For months, Joyce Ladner has been listening to District teen-agers talk about sex, pregnancy and growing up in a confusion of contrasting morals.
Much of what she has heard has been disturbing. But Ladner, who heads the Mayor's Blue Ribbon Panel on Teen-age Pregnancy Prevention, says she is not discouraged as the panel's series of controversial public hearings held in D.C. public schools nears the midway point.
"I want to know what's on their minds," said Ladner, a professor of social work at Howard University. "If we can know that, we can intervene."
Recently, Ladner and eight panel members gathered in the auditorium of Cardozo High School and heard, among others, a teen-age father mumbling about responsibilities, an 18-year-old mother urging "practice now" if one plans to be a teen-aged mother, and a young immigrant mother from Guatemala tearfully telling her story of teen-age marriage, pregnancy, abuse and abandonment by age 21.
The hearings, which have brought new attention to what local health officials say is an epidemic of babies having babies, have been said by some to be too sensitive for most teen-agers. Responding to the criticism, Superintendent Floretta D. McKenzie recently said the remaining pregnancy hearings will be held only in high schools.
But Ladner, who began pushing for the hearings soon after Mayor Marion Barry created the panel in May, says she remains determined to hear what young people have to say, and she took issue with excluding junior high school students.
"I can't see how we can say young people in junior highs shouldn't be able to talk about this when they are exposed to other sexual influences in society," Ladner said.
The public fact-finding, her panel colleagues say, is part of Ladner's commitment to see the human faces behind the statistics.
"She is really interested in human suffering and trying to alleviate it in some way," said Joseph Citro, program director of the Family Place, a support group for pregnant women and mothers with young children. "She really tries to reach out in her own humanity and touch the lives of other people."
Last month, an unwed 18-year-old mother of two stood before 300 of her former classmates at Fletcher Johnson Community School in Southeast Washington. In a tiny voice made even smaller by her nervousness, Joannie Marshall said that "having a baby when you are a baby is hard."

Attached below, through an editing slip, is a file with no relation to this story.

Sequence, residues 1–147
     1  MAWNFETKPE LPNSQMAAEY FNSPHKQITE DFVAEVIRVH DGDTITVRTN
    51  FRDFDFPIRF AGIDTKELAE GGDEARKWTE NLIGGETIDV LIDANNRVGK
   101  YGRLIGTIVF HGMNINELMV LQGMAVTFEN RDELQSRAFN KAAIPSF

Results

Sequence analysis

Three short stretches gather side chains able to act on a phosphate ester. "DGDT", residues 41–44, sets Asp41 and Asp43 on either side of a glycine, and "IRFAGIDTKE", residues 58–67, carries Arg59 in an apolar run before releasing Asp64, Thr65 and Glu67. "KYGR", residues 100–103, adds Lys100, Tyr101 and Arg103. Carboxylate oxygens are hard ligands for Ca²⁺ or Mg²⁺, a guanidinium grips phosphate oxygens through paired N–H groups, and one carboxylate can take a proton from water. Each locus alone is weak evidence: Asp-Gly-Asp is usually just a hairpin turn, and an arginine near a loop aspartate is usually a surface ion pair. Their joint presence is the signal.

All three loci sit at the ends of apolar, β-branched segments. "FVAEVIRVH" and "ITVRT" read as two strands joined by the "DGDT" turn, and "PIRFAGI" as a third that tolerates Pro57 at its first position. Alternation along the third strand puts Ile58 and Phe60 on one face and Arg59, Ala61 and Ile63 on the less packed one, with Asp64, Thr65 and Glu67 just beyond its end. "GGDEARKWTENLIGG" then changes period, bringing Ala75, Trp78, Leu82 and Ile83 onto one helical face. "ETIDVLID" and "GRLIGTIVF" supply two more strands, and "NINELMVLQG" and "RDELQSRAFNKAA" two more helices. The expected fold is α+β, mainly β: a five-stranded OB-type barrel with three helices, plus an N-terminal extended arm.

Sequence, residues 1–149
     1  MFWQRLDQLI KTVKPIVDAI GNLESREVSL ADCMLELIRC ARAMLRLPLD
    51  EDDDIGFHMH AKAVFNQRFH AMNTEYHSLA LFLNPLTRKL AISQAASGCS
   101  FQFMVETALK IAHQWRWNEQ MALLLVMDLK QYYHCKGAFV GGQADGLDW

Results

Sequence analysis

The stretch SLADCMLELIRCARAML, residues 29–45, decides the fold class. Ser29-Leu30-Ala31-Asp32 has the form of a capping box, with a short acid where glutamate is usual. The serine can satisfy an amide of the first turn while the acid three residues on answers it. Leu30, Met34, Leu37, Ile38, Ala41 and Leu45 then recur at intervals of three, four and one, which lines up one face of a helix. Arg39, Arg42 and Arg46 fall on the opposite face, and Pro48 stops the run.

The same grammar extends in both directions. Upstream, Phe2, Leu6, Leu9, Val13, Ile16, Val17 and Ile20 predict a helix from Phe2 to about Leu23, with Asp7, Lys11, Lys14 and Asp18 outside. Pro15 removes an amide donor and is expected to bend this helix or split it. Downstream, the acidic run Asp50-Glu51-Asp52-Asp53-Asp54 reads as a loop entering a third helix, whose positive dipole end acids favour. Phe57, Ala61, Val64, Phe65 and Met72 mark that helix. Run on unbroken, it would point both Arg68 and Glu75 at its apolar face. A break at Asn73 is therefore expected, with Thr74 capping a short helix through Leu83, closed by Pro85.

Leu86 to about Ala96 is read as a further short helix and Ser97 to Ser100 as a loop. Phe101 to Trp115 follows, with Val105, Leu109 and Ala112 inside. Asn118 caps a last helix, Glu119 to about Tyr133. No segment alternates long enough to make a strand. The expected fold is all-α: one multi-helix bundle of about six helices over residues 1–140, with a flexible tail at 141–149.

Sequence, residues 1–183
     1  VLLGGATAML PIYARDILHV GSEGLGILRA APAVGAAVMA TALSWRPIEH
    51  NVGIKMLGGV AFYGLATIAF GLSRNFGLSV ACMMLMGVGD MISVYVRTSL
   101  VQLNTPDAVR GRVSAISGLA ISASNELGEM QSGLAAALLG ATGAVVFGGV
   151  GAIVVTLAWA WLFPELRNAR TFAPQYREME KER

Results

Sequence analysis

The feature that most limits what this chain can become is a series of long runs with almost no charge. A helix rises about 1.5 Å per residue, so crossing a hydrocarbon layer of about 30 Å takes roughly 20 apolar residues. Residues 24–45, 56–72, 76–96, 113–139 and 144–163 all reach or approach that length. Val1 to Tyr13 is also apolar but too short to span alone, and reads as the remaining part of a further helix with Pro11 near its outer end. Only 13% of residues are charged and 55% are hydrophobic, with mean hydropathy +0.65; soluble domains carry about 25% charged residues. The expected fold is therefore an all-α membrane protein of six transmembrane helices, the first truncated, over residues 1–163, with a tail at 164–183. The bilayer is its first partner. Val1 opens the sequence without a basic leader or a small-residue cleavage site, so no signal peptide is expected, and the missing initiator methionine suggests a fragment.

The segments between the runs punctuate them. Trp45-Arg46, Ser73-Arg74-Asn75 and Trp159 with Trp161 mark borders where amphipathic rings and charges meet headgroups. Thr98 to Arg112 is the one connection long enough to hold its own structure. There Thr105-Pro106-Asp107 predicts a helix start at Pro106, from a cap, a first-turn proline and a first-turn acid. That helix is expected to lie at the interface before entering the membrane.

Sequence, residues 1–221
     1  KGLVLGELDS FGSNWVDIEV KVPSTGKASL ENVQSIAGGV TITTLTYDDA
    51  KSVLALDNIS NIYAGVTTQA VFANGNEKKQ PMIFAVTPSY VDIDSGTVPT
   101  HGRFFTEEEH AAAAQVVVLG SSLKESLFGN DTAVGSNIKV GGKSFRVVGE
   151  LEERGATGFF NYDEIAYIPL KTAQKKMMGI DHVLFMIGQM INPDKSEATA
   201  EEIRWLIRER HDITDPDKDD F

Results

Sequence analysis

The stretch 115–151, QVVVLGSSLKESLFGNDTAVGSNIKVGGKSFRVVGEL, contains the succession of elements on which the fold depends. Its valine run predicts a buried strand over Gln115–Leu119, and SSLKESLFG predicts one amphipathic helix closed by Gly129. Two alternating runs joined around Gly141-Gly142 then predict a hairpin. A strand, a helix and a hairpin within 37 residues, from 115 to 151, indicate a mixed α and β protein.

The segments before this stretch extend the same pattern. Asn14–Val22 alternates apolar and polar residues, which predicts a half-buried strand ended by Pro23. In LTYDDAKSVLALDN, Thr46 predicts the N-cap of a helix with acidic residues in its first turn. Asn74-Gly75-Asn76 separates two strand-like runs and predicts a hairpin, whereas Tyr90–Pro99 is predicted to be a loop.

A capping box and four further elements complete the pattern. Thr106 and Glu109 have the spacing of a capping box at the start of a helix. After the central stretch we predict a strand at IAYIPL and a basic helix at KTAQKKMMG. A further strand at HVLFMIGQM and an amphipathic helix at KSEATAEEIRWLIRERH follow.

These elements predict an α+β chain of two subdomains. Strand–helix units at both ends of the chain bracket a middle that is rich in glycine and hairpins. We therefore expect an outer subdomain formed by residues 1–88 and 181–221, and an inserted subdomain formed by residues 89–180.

Ladner looked up from her notes, smiled, and asked Marshall a simple question: "How can we help the young person to say no?" Marshall searched for an answer.
"She didn't make me feel low," Marshall said later. "It's hard, not easy to talk like that. But I was telling her how I felt."
A native of Palmers Crossing, a small town in rural Mississippi, Ladner grew up during the most active days of the civil-rights movement. It was an experience, she says, that hardened her resolve to bring about social change and further fueled her need to explore -- up close -- the fabric of society, particularly the complex tapestry of black society.
That need drew her to projects such as a study of life in a St. Louis housing project, an examination of women's role in post-colonial Africa, and now her look at the District's teen-age pregnancy problem.
As a research assistant working toward her doctorate at Washington University in St. Louis, Ladner, then 20, posed as a resident of a public housing project. She says she had a pelvic examination at a public health clinic to try to understand why women in the project tended not to go to the clinic for contraceptives.
She got her answer. "It was dehumanizing because the doctors treated me like I was nothing," she recalled, " . . . as an nonentity."
In 1968, Ladner turned her investigation of life in the Pruitt-Igoe housing project into her doctoral dissertation. Three years later she developed that work into her first book, "Tomorrow's Tomorrow," a study of 100 black girls growing into womanhood.
Today, Ladner, 41, a divorced mother of a young son, says she cannot see the faces of a generation that is producing 30-year-old grandmothers and remain the impassionate scientist. She says she feels the pain, too.
"I see the children," she said. "Some people get tears when they see starving children in Ethiopia and Somalia. I get the same kind of feeling when I see it in less graphic, less stark forms.
"It's a slow death here," Ladner said. "I see the trends."
In Washington, about 20 percent of the live births last year were to teen-age mothers, she says, adding that these children usually face higher health risks and lower educational opportunities.
"I think that mostly what we are dealing with is the problem of adolescence," she said. "Kids don't plan for most things . . . . They are growing up, and I don't know why we as adults expect them to be more responsible in the areas of sex than they are in other areas."
"All society tells them is that if you feel it, act on it," she said. "But we can make a difference.